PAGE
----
VII. Lunch Periods and Breaks for Hourly and Non-Exempt Employees
A. Lunch Breaks

Hourly employees who work at least 6 consecutive hours shall be given a bona fide lunch break of at least 30 minutes except in situations where shift coverage precludes such lunch breaks.  Employees who work a second consecutive shift will typically be given a meal break after working 4 hours during the second shift.

Salaried non-exempt employees should take a bona fide lunch break of up to 60 minutes each day so that the employee does not work in excess of 40 hours during the workweek. A bona fide lunch period does not count as hours worked.  If an employee is required to work during her lunch, that period shall be counted as time worked.  

Managers and supervisors may determine whether or not to permit an employee to work through lunch to compensate for late arrival or early departure. 

B. Other Breaks

Departments and units, with the approval of Human Resources, may also provide hourly employees with a scheduled break period.  Hourly employees who work an eight-hour day or longer may be provided a maximum of one 15-minute break before and one 15-minute break after the required lunch period.  The lunch period and the break(s) must be taken separately, and breaks should not be used to extend the lunch period.

VIII. Time-Keeping
A. Hourly and Non-exempt Employees

Hourly and Non-exempt employees must accurately record all time worked using the university’s record-keeping time system. Time records must accurately reflect all work time, whether at the usual workplace or at home and whether worked during Normal Business Hours or not. The time record should also reflect any break periods or other time not worked during Normal Business Hours. Falsification of a time record is a violation of university policy.  Falsification includes not recording hours that were worked and/or recording hours that were not worked.

Non-exempt employees should record travel time and attendance at meetings or events away from the usual workplace in accordance with university travel guidelines.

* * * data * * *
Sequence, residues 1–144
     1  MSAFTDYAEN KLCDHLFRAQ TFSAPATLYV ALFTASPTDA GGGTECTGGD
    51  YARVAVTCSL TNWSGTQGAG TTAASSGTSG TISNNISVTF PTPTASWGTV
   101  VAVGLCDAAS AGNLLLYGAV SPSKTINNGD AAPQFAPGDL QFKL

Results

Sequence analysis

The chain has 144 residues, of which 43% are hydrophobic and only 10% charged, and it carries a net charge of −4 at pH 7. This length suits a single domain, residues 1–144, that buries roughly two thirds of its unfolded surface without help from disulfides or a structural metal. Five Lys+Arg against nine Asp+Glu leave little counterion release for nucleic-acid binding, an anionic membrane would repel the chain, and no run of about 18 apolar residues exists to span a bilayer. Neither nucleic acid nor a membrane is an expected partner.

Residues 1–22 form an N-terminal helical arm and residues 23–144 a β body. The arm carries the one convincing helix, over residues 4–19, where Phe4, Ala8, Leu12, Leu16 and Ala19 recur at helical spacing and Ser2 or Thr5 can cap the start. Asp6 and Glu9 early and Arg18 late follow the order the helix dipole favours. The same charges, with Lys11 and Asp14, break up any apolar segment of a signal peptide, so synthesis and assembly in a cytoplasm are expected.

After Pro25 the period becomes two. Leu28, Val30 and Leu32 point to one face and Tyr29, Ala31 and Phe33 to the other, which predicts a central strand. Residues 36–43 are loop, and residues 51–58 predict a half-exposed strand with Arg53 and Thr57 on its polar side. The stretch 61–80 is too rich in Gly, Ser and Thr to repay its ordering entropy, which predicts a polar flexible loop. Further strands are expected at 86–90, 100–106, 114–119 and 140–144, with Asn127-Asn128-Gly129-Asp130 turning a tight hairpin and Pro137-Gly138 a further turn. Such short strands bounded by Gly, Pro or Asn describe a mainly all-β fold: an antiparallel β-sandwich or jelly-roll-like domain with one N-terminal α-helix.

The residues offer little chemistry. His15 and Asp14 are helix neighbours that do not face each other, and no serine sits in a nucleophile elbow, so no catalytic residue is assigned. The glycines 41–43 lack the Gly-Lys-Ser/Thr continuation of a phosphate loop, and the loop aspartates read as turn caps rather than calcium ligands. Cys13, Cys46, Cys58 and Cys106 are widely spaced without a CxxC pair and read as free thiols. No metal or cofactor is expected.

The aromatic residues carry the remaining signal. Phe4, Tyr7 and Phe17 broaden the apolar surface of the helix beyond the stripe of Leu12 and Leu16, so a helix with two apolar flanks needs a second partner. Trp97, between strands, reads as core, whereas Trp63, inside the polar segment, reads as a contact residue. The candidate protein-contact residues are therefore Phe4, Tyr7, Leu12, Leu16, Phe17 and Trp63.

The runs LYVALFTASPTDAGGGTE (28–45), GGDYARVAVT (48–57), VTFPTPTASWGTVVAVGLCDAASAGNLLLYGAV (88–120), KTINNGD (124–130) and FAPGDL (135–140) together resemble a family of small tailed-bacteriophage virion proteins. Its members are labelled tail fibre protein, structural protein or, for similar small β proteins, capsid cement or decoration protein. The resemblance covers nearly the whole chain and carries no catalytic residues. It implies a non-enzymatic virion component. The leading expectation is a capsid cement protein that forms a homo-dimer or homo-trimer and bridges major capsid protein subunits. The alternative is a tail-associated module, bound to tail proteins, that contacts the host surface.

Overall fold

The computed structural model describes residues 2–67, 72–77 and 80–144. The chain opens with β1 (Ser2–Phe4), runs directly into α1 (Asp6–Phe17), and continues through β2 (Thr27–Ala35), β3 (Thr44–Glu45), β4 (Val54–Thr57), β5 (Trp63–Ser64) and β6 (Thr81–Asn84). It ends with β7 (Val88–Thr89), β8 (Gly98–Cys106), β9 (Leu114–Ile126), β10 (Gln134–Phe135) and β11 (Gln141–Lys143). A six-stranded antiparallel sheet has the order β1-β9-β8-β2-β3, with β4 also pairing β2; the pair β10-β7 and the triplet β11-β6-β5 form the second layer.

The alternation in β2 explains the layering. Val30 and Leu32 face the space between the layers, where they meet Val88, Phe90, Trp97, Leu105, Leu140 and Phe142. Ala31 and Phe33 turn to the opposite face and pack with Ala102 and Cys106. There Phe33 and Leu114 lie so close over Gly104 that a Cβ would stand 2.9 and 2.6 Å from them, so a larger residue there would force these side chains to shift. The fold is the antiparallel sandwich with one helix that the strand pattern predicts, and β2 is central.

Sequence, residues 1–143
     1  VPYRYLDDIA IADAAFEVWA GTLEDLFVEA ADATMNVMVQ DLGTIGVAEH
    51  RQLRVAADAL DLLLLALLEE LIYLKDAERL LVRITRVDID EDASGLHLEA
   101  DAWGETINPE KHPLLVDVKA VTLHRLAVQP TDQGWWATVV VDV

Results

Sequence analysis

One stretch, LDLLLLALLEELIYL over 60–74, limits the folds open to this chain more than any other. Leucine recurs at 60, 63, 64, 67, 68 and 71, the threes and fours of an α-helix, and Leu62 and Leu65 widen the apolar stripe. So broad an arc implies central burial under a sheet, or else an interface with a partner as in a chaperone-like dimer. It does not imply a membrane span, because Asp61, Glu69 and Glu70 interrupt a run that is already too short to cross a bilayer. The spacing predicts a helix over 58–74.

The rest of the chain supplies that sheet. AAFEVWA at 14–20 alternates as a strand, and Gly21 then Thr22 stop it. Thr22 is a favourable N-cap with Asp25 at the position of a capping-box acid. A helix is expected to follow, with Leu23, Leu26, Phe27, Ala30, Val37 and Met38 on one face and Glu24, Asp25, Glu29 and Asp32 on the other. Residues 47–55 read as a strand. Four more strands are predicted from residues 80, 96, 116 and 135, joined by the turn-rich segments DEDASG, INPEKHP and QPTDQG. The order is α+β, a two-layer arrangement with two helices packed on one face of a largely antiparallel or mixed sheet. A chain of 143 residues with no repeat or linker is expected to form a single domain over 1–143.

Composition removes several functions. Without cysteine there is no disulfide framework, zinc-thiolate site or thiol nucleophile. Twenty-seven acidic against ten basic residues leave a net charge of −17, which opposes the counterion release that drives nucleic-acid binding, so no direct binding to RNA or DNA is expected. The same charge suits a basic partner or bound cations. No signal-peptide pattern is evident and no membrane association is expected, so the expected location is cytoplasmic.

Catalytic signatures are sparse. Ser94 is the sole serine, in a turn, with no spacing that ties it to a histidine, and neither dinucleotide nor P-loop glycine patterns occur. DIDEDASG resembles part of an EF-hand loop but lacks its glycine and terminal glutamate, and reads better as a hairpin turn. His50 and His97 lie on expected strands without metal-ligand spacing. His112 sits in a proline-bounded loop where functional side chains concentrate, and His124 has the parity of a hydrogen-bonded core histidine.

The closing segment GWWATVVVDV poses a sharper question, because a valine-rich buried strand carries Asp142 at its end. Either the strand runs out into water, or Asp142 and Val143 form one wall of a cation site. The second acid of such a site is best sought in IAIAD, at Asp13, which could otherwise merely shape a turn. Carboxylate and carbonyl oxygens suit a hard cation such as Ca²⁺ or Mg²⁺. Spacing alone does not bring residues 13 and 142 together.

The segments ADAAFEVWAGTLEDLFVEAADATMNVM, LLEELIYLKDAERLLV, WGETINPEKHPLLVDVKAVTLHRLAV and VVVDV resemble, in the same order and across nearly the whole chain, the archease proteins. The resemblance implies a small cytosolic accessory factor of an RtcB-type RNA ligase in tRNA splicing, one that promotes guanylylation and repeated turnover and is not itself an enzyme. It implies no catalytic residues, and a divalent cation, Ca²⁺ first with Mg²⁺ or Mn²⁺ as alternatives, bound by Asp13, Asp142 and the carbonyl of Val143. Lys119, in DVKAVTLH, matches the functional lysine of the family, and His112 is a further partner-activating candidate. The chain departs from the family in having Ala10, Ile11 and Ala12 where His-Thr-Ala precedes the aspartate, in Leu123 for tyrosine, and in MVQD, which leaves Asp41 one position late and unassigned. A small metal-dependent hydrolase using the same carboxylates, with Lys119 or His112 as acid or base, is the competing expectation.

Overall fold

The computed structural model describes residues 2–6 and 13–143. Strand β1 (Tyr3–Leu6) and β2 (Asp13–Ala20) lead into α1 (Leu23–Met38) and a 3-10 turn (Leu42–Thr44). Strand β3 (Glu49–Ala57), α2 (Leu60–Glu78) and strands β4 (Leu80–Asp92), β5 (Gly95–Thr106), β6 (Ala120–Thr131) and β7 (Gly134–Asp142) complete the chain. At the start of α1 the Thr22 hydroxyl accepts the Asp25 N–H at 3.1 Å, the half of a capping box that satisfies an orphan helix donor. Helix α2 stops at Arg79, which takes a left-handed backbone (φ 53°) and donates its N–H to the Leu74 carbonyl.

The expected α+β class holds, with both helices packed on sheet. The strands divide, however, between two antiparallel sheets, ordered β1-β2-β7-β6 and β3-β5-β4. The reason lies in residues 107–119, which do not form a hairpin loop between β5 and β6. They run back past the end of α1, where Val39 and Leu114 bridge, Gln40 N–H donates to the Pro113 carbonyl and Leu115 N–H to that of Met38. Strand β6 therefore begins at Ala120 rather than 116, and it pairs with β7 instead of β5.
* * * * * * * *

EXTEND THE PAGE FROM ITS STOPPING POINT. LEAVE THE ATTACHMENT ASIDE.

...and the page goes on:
B. Exempt Employees

Exempt employees are responsible for accurately reporting the use of any leave in the university’s record-keeping time system. Exempt employees should report time away from work in half-hour (.5) increments.

IX. Authority, Interpretation & Amendment

This policy is approved by the President in accordance with the Restructured Higher Education Financial and Administrative Operations Act, Chapter 4.10, Title 23 of the Code of Virginia, and the Management Agreement effective July 1, 2006. The President has delegated to the Senior Vice President for Finance and Administration the authority to revise or amend this policy at any time.

The Office of Human Resources is responsible for the administration and implementation of this policy.

X. Related Policies, Procedures, And Other Documents

[1] For certain employees, such as law enforcement officers, the FLSA permits employees to be paid on a work period basis and not a workweek basis. If an alternate workweek has been established for law enforcement in accordance with the provisions of the FLSA, the employee will not be entitled to overtime until he or she has worked the requisite hours in the alternate work period.